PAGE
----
Friday, December 3, 2010

Submission and Feminism

I believe that we are all complex creatures full of contradictions and dualities that compliment and oppose each other. Though, in some cases, this dichotomy can lead to conflict. Conflict within ourselves or conflict with those who support only one side of this combination. One such issue within my own personal conflicts is my belief that all people are equal and my affinity for being sexually submissive. I've often wondered can a woman identify sexually as submissive and still consider herself a feminist, without being a hypocrite?

Of course, this is no simple question to answer and I think everyone has different variables to weigh when deciding where they stand on the issue. Perhaps the best step is to start by explaining how I identify with feminism.

Simply put, I believe women are equal to men and deserve to be treated as such. I believe this because I know all people are equal and deserve to be treated as such. We have the right to the same justices and protections. We have an obligation to defend and secure justice for those who cannot do it themselves.

There are those who identify themselves as feminist (1st wave, 2nd wave, 3rd wave, militant - whatever category they feel they fit in best, if any at all) and believe that a woman who participates in submissive sexual behavior, such as Master/slave or BDSM play, is only crippling the progress of womanhood as a whole. There are also those who believe that BDSM is a male-generated form of sexuality and that by participating, a woman is succumbing to this tradition. This was a major issue during the 60s and 70s and lead to conflict between different sects of feminism or some feminists organizations and the pornography industry.

I resent the idea that women who engage in BDSM are doing so because they are conforming to a male generated fantasy. This line of thinking denies women who enjoy BDSM from any credit for discovering what turns them on. It assumes that in a strictly female society, BDSM would not exist. It also furthers the gender stereotype that only woman play the submissive role in the BDSM community when, in fact, it is extremely varied. Not only do some men prefer being the submissive as opposed to dominant but there are many people who switch between both. Of course, this is assuming both genders are involved. BDSM is prevalent in both gay and lesbian communities. Personally, I know that I did not need a man/society/the media to tell me what aroused me. It was inherent. It felt rooted within me, much like the rest of my sexuality. I did not question it but only awaited the time and place to discover and explore this natural affinity. Assuming that a woman can only learn submission from a man/society/the media robs her of any ownership or responsibility of her own sexuality.

There are those who even discourage women being submissive because of their strong conviction that this has an impact on women's progress as a whole. But, if those who believed that truly wanted equality, wouldn't they be encouraging all people not to partake in BDSM, regardless of gender? Or, do they believe it is okay for a man to play that role? In that case, isn't the man enjoying a privilege that has been denied to women by the very people who were trying to ensure their equality? Where is the fairness in that?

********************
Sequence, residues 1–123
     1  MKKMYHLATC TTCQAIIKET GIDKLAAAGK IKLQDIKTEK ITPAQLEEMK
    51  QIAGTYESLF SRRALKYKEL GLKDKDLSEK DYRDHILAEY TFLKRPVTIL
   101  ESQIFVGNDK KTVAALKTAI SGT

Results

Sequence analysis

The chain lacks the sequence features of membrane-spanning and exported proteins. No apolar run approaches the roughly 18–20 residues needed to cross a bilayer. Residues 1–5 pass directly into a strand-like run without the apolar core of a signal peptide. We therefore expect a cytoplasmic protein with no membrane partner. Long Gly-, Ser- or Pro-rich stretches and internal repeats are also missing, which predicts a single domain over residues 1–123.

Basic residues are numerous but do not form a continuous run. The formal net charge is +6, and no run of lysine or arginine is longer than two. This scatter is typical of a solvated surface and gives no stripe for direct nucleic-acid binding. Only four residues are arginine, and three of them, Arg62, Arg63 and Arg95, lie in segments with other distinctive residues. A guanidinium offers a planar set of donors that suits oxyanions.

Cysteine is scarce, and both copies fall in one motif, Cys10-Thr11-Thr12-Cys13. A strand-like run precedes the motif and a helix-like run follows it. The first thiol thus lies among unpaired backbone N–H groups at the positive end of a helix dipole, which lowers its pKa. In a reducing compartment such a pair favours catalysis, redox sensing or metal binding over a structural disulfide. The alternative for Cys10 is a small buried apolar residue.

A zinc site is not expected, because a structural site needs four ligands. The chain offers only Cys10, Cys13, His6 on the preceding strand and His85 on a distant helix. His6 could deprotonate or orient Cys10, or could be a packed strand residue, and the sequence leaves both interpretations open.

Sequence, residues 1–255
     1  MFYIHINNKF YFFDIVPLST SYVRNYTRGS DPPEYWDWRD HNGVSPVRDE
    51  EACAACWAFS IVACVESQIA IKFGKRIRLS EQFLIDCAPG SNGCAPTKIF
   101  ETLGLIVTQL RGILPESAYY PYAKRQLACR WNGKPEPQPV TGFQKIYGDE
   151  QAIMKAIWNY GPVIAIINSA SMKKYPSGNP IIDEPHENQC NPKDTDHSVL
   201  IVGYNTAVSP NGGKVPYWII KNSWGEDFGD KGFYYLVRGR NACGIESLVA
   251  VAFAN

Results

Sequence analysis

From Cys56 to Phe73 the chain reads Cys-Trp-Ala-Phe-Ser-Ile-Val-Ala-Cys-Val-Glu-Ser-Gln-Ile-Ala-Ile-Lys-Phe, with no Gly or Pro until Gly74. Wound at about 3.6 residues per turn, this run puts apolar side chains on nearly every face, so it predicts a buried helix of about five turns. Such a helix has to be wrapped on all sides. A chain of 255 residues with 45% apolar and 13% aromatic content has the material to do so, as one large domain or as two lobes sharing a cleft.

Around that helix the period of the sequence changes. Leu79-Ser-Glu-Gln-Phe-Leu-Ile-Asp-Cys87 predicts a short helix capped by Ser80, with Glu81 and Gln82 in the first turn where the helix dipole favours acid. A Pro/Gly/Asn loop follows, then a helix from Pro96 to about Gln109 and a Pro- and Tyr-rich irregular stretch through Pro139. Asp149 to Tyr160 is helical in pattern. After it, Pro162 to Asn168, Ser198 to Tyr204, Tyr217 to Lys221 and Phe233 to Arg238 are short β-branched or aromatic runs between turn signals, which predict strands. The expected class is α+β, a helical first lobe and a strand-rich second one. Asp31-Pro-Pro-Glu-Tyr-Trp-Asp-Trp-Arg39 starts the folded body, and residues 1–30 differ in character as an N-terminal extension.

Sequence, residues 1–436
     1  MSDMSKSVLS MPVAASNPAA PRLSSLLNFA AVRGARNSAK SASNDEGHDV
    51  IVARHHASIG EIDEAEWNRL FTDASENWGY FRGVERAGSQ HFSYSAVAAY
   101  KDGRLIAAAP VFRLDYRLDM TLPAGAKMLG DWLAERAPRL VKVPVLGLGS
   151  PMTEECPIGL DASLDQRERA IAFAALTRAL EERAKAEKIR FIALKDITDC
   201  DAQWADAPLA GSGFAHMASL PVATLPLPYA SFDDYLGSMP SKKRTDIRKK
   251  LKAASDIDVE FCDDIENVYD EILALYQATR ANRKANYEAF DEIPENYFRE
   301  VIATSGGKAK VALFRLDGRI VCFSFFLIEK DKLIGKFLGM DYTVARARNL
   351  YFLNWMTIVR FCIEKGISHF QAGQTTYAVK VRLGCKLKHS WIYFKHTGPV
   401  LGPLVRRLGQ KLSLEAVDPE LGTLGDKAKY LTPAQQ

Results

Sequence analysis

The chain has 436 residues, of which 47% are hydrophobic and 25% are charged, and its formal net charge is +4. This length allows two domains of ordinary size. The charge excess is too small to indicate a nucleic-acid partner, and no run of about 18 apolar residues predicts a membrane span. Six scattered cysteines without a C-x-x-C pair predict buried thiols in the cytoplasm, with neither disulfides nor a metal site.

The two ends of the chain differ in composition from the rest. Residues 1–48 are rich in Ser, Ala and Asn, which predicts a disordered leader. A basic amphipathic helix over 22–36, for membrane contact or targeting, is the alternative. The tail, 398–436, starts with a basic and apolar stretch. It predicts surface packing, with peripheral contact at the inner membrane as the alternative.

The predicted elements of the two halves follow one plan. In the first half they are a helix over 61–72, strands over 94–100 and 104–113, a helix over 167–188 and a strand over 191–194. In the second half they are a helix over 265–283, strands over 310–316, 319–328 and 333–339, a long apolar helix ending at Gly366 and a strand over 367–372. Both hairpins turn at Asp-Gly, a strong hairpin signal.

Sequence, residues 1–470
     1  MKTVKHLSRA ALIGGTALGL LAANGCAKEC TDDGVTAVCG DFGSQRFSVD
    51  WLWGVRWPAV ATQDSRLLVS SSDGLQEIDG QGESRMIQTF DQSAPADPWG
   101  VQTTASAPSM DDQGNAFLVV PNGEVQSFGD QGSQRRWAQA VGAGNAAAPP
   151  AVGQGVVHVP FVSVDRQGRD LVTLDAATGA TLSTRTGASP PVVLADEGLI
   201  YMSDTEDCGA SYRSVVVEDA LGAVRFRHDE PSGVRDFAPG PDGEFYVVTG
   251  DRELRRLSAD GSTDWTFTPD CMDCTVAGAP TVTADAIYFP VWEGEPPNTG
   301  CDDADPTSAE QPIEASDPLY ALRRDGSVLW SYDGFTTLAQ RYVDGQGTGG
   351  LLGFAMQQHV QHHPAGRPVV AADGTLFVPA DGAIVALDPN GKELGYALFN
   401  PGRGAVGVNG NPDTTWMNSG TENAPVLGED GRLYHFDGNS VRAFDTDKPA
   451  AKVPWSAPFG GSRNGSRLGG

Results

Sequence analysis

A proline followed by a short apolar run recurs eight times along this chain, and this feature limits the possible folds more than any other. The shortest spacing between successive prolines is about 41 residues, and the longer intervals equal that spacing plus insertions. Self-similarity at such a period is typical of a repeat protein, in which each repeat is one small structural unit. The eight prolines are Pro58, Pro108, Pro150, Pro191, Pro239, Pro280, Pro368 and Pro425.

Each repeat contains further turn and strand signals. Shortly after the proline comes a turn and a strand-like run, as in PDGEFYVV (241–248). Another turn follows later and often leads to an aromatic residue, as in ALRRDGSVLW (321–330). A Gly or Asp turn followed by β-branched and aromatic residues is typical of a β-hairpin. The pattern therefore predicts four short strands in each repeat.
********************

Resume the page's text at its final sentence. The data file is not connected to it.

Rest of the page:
I'd argue that my being a strong female has actually helped me develop a healthy perspective on my sexuality and I've channeled this into my preference for being a submissive. Any woman with a poor self esteem or a dysfunctional view of their sexual worth is going to find being a submissive exhausting and unfulfilled. My worth as a human being is not decided on my worth as a sex object. Sure, I may subject myself to what others may consider horrendous treatment and what others may view as submitting to my partner's will. Considering oneself a feminist and also a submissive does not have to be a dichotomous situation. In fact, the juxtaposition of both these traits can strengthen each other. Not only does my knowledge that I am worthy of any person's attention and respect make me a great submissive, but knowing myself so well and owning my sexuality encourages a feeling of wholeness and completeness in the world outside my bedroom.

Some people do not fully comprehend the active communication that goes on between a Dom and sub, even when no words are spoken. It may seem demeaning to an outsider but there is a huge amount of respect and trust exchanged between those involved in a BDSM relationship. Most might assume that it is only the sub who respects their partner, but it truly starts with the Dom earning the sub's respect and consent. And, in the end, it is the sub who holds all the power. The sub can simply utter one word and everything comes to a halt. It may seem odd to those unfamiliar with this subculture that the common credence is "Safe, Sane and Consensual"

My role in feminism is ensuring that my gender is viewed upon with equal regard and respect. That I earn equal pay for equal work and that I enjoy the same rights and privileges that a man may in the same position. That means enjoying the same rights and privileges in my work, my government, my community and my bedroom. If we deny women the right to explore their sexuality because they feel judged, we deny them the ownership of their bodies. If we can vote, run for office and own land, we should be able to own our orgasm too.

1 comment:

emily p said...

SO interesting - have been battling with a few similar thoughts around relationships. Thanks for putting words to such thoughts xx